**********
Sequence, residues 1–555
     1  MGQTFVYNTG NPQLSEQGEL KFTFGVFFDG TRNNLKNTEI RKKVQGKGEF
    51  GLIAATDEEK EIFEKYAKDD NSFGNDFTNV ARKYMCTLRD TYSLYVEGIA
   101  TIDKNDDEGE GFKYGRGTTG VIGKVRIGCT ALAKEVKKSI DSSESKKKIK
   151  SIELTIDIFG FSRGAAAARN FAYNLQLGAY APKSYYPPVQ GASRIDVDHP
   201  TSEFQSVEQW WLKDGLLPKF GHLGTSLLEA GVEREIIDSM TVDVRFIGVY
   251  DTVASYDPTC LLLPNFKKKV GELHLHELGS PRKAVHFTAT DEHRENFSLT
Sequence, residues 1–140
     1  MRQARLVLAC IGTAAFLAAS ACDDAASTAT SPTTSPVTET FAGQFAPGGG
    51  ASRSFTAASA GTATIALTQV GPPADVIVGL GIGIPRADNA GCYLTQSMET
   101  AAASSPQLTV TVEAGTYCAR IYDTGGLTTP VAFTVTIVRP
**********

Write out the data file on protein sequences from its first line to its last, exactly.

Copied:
Sequence, residues 1–555
     1  MGQTFVYNTG NPQLSEQGEL KFTFGVFFDG TRNNLKNTEI RKKVQGKGEF
    51  GLIAATDEEK EIFEKYAKDD NSFGNDFTNV ARKYMCTLRD TYSLYVEGIA
   101  TIDKNDDEGE GFKYGRGTTG VIGKVRIGCT ALAKEVKKSI DSSESKKKIK
   151  SIELTIDIFG FSRGAAAARN FAYNLQLGAY APKSYYPPVQ GASRIDVDHP
   201  TSEFQSVEQW WLKDGLLPKF GHLGTSLLEA GVEREIIDSM TVDVRFIGVY
   251  DTVASYDPTC LLLPNFKKKV GELHLHELGS PRKAVHFTAT DEHRENFSLT
Sequence, residues 1–140
     1  MRQARLVLAC IGTAAFLAAS ACDDAASTAT SPTTSPVTET FAGQFAPGGG
    51  ASRSFTAASA GTATIALTQV GPPADVIVGL GIGIPRADNA GCYLTQSMET
   101  AAASSPQLTV TVEAGTYCAR IYDTGGLTTP VAFTVTIVRP